Some places are easier to vacuum than others.
On Tuesday, Dane County announced a new project, deemed”suck the muck,” which calls for spending $12 million to slurp up phosphorus from 33 miles of streams leading into Lake Mendota. Local officials say the work will remove 870,000 pounds of phosphorus from waterways. The chemical is commonly blamed for the algae blossoms that can foul waterways.
“This effort will mean cleaner lakes for our children and grandchildren,” said Dane County Executive Parisi. “Our lakes are one of the reasons people love living in Dane County. We must continue to improve the health and vitality of our lakes.”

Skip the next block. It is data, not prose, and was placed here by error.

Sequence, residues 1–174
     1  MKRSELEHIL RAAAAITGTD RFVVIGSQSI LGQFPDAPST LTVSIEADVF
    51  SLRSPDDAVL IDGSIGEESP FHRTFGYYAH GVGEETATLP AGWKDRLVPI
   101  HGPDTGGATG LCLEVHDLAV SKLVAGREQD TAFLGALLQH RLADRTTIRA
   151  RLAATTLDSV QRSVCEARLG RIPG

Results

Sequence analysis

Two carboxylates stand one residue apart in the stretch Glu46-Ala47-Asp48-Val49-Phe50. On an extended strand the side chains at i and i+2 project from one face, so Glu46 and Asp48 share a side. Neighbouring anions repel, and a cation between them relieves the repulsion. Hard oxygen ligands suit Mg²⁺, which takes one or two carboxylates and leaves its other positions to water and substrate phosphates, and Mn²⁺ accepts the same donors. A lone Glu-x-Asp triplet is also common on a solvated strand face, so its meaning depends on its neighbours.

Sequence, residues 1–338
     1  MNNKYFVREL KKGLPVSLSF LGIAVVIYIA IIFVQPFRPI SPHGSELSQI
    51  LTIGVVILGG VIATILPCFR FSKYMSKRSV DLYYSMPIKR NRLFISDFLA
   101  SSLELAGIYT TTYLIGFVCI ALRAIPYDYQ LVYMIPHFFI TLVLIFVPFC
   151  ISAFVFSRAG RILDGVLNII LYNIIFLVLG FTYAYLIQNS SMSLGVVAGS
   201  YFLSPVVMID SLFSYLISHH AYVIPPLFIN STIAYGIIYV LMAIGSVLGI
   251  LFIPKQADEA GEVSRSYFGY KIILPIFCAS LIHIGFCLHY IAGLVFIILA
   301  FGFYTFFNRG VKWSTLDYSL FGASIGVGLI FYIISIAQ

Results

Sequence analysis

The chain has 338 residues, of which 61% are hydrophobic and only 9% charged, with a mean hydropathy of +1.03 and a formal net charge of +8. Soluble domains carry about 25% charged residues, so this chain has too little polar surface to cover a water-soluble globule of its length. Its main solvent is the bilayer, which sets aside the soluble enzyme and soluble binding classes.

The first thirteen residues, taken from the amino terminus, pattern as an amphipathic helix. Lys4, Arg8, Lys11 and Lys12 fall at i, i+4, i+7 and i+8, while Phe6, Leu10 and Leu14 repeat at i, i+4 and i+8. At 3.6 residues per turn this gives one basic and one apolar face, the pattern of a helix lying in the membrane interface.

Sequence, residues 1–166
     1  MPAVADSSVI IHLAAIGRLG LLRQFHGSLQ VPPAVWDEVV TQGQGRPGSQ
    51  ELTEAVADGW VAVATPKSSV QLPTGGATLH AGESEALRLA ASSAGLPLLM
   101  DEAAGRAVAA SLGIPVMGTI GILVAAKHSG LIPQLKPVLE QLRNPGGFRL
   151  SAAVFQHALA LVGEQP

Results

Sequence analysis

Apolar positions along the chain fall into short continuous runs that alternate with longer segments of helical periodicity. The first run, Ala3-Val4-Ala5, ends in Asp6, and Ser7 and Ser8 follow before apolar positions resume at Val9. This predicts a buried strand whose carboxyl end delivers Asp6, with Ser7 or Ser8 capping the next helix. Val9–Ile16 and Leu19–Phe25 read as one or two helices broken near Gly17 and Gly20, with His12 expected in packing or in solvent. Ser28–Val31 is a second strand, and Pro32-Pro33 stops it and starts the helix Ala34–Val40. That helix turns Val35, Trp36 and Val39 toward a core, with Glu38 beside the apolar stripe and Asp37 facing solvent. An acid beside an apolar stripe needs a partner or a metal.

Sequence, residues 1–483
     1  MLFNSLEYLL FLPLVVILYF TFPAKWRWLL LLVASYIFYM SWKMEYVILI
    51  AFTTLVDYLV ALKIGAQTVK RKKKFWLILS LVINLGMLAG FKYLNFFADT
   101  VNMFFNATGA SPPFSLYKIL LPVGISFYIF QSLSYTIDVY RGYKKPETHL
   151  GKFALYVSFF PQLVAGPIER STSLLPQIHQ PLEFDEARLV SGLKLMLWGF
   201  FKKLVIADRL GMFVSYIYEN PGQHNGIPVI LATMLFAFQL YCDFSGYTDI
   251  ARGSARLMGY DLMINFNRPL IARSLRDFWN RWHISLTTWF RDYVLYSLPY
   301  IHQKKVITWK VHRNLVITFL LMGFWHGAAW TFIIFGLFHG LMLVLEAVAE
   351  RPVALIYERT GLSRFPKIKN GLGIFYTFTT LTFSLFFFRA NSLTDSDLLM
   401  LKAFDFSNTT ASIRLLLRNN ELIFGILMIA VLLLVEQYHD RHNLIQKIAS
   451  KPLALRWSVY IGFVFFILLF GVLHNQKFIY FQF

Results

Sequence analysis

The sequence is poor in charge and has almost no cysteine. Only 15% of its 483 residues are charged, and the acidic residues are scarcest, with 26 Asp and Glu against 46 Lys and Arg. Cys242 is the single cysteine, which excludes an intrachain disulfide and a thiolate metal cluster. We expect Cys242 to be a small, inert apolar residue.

The project is meant to clean up streams that bring phosphorus to the lakes. Pollutants embedded in riverbed muck won’t cease releasing the chemical until they’re removed, according to a news release. The project is meant to restore stream bottoms to what they were in 1980, providing wildlife with cleaner habitats.
A Dane County analysis of water quality on streams and creeks feeding Lake Mendota found that, unless the muck is removed, it will take 99 years to bring the lake’s water quality up to standard. Testing shows the phosphorus concentrated in the stream’s sediment is seven times greater than what’s found on crop fields in the watershed.